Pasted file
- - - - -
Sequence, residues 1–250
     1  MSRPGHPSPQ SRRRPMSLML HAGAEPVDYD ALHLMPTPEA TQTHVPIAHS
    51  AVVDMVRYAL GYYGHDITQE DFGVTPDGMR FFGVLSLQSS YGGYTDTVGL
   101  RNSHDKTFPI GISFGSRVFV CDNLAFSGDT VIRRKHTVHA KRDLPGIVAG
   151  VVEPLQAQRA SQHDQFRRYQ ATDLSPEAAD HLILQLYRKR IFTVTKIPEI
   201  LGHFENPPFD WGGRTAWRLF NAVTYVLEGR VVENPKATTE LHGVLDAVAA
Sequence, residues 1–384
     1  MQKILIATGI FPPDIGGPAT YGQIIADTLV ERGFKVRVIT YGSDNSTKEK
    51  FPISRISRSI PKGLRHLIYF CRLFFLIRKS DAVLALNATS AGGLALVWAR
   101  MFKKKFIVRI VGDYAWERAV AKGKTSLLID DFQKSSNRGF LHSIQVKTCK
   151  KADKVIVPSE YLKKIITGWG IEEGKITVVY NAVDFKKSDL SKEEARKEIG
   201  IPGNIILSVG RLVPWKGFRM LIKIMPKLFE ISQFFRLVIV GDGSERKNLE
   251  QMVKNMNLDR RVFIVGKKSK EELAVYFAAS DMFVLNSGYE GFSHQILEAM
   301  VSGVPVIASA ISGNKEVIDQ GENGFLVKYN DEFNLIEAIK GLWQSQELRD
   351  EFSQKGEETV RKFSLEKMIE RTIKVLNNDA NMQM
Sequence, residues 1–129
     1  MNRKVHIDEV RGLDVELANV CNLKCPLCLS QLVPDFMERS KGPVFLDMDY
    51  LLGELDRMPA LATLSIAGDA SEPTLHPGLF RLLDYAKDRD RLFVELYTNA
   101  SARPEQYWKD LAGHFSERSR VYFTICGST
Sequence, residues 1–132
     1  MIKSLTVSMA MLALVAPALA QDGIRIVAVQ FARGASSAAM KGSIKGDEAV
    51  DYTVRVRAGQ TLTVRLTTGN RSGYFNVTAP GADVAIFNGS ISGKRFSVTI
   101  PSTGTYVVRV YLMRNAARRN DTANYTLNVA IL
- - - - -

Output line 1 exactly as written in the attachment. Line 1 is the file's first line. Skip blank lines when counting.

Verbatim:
Sequence, residues 1–250